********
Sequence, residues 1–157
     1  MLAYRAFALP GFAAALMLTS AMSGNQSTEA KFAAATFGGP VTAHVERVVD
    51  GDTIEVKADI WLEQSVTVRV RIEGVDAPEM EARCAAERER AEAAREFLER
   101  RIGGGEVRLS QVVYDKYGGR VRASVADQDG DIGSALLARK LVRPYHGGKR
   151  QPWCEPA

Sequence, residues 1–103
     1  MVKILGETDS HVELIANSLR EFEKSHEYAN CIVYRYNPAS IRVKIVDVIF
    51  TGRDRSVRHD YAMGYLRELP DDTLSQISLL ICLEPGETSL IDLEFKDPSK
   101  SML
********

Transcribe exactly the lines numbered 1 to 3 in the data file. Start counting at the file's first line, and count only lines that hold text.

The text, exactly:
Sequence, residues 1–157
     1  MLAYRAFALP GFAAALMLTS AMSGNQSTEA KFAAATFGGP VTAHVERVVD
    51  GDTIEVKADI WLEQSVTVRV RIEGVDAPEM EARCAAERER AEAAREFLER